This full-day adventure visits several of the villages and archaeological sites which pepper the Sacred Valley of the Incas. The Pisac complex, set high above the eponymous village, is composed of steep terraces; their engineering and preservation are unrivalled, and you can clamber among the ancient walls and explore the ruins of temples, residences and storehouses. It takes about an hour and a half to explore the site, after which you stop off in the village below where an arts and crafts market spills across the main square, stalls laden with tapestries and weavings crafted in the surrounding villages.
Continue along this picturesque, patchwork valley to Ollantaytambo, the snow-capped Andean cordillera forming a stunning backdrop. The Inca fortress towering above the adobe village is well preserved and there are wonderful views down over the gentle sloping hillsides and into the fertile valley. You spend the night in the Sacred Valley.
A dramatic 2hr train journey from Ollantaytambo delivers you to the ruins of Machu Picchu. As the river Urubamba enters its narrow gorge between thickly-forested granite hills, there is room only for a single rail track, which hugs the right bank and passes through hamlets which are no more than a collection of shacks. The citadel is then reached by minibus up a sinuous road.
In 1911 the American explorer Hiram Bingham discovered the ruins buried beneath tropical cloud forest. It is the city's location which most captures the imagination, on a ridge spur amid forested peaks and above a roaring river canyon. Following a guided tour of the ruins, you spend the night at the spa village of Machu Picchu, a couple of kilometres upstream.
You might like to return to the ruins the following morning to see the granite mountaintops emerge from the mist before the crowds arrive: a magical experience. You may like to set off on one of several short hiking trails: follow the steep path up to Huayna Picchu, the conical peak rising behind the ruins or trek to the vertiginous Inca Bridge, carved into a cliff face. Your tour leader will be on hand to talk through the various walking options. In the afternoon you return to Cusco by train and bus.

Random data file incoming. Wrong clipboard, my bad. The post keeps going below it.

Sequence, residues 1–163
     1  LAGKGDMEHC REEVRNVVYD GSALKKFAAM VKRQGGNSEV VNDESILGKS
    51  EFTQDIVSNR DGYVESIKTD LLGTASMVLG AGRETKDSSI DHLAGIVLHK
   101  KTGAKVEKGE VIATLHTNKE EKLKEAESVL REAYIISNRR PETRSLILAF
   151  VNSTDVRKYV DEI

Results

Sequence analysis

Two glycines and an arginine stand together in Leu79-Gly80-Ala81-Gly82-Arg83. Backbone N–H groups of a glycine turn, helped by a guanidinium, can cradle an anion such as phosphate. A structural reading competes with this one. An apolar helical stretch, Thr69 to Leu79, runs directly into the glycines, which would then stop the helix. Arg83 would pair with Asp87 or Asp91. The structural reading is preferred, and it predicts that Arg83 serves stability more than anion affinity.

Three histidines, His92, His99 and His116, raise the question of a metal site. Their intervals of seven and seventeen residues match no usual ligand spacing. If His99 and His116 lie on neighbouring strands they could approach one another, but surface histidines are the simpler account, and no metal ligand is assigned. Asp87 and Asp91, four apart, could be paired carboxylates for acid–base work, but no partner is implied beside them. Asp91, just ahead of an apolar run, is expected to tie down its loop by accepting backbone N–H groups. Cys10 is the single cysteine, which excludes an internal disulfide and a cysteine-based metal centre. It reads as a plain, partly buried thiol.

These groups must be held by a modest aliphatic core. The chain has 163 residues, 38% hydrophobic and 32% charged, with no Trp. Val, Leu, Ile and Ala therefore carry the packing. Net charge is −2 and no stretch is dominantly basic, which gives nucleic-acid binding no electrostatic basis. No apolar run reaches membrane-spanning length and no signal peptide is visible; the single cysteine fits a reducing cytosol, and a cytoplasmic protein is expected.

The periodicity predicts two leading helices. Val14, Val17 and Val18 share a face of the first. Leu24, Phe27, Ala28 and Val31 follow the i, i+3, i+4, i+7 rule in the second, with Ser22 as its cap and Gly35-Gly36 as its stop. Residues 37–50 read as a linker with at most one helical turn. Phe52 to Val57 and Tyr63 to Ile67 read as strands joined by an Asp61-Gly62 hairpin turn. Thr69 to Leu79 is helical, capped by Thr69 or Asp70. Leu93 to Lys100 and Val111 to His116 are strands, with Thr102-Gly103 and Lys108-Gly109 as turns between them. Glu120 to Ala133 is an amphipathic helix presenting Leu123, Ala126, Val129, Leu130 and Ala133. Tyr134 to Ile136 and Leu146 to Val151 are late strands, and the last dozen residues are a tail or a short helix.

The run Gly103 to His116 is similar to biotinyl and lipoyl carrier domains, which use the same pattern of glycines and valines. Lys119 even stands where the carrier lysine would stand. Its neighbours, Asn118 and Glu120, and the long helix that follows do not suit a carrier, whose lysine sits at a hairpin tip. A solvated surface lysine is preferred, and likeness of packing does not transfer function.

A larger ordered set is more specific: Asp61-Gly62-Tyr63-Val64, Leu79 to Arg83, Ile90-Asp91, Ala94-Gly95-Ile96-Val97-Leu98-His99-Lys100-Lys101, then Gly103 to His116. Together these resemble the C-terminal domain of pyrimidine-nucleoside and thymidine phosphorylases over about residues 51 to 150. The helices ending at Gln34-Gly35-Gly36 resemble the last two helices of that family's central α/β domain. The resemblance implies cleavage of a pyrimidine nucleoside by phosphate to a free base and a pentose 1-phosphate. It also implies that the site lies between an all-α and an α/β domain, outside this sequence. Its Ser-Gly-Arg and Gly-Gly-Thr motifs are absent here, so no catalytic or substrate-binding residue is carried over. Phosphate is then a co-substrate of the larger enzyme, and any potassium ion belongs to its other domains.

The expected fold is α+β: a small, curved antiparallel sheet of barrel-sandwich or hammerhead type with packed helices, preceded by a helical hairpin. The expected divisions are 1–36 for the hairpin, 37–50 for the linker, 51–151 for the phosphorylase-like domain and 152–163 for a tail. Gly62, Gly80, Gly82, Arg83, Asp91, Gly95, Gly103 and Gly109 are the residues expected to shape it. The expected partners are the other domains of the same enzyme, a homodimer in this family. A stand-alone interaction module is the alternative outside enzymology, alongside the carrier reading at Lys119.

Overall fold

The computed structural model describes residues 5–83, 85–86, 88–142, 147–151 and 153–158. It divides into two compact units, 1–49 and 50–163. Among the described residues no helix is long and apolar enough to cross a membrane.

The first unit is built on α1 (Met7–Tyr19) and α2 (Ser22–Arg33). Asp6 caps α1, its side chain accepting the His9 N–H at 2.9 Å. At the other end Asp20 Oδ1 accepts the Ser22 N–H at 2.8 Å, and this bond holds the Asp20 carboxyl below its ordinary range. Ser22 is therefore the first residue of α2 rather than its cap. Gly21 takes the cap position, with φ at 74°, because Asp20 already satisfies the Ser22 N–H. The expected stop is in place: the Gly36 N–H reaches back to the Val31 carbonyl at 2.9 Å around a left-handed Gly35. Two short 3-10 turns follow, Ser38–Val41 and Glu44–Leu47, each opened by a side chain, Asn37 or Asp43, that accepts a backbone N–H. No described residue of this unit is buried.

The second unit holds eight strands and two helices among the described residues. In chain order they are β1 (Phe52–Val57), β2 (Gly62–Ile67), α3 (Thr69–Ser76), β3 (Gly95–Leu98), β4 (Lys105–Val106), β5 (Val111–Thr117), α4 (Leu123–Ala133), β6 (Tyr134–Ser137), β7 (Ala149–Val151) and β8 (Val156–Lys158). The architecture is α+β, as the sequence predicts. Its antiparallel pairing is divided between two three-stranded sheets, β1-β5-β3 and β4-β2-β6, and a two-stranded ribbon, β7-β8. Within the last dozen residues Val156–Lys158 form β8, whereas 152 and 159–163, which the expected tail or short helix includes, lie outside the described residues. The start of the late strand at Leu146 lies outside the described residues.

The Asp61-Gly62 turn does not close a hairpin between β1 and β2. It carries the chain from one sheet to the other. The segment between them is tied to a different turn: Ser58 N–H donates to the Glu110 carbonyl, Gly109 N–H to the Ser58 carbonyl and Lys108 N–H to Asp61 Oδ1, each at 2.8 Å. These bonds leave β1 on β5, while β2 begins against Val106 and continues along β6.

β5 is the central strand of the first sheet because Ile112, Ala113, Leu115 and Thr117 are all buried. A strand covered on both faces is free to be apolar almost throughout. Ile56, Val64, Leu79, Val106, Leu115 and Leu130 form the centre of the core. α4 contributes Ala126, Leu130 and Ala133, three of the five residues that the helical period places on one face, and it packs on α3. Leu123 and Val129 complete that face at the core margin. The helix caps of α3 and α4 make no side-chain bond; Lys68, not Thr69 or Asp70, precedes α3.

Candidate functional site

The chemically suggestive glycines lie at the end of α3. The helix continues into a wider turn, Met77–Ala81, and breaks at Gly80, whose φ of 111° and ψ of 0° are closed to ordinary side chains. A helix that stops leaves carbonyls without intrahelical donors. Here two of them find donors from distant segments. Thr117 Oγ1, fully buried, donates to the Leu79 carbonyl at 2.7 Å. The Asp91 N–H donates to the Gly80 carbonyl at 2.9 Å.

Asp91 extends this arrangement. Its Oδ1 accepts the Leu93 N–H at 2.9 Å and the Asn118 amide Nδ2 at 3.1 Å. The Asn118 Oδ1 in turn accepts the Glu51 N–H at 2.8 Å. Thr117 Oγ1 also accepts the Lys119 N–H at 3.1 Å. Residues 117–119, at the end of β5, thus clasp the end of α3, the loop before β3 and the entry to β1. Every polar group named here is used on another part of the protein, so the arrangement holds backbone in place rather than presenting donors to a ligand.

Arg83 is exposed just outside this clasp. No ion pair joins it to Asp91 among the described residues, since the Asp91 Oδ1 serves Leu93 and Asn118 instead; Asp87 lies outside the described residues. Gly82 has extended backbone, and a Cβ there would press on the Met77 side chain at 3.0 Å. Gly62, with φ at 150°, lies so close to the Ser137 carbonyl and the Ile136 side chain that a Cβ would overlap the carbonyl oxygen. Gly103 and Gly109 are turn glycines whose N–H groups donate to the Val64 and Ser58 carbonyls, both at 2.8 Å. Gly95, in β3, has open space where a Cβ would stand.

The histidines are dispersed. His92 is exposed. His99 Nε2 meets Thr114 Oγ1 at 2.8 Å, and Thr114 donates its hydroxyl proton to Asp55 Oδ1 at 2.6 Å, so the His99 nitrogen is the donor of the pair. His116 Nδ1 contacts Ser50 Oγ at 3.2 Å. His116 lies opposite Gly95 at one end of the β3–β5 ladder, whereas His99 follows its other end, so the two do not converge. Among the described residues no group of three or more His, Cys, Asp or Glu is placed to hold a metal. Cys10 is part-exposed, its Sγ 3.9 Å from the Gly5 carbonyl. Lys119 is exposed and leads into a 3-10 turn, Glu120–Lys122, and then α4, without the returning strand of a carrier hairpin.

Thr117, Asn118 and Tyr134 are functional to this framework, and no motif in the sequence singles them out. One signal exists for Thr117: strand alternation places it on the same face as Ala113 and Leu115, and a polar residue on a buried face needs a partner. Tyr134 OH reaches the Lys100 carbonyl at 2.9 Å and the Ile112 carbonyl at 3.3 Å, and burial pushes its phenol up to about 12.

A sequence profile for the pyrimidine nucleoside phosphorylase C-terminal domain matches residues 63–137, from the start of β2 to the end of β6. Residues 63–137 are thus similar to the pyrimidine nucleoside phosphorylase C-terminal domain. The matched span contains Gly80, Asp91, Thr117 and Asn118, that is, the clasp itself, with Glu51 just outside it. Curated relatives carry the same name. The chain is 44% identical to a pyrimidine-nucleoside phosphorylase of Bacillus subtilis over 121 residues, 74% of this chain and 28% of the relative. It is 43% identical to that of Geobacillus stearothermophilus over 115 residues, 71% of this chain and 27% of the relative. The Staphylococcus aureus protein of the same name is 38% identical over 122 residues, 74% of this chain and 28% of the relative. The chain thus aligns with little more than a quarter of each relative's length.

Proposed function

A morning flight takes you to Lima (90 mins). The City of Kings was once the capital of Spanish America, and the remnants of its glorious past can still be seen in the faded grandeur of the colonial churches and splendid, traditional wooden balconies in the city centre. The explosive growth of the last 50 years, so typical of capital cities in the developing world, has transformed Lima into a bustling and chaotic low-rise city of over 6 million people. Away from the busy centre, there are some superb traditional restaurants as well as archaeological museums filled to the rafters with pre-Columbian treasures. In crowded streets, throngs of traffic race out towards Miraflores, on the coast, a modern middle-class suburb where your hotel is located. There will be a walking tour of the colonial centre with your tour leader.
Today you will bid farewell to this magical place and reflect on the magnificent sites and experiences you have had over the past 18 days.
|11 Sep 2019 - 29 Sep 2019||$6466 NZD pp||Contact us|
|23 Oct 2019 - 10 Nov 2019||$6466 NZD pp||Contact us|
|04 Dec 2019 - 22 Dec 2019||$6466 NZD pp||Contact us|
|Rio de Janeiro||Augustos Copa|
|Foz do Iguaçu||Best Western Tarobá Hotel and Events|
|La Paz||Hotel Rosario|
|Copacabana||Rosario del Lago|
|Sacred Valley||Tunupa Lodge|
|Machu Picchu||Waman Hotel|
|Lima||Hotel El Tambo I|
This tour operates with a minimum of 4 and a maximum of 20 passengers. The minimum age is 12 years. Hotels are subject to change due to availability.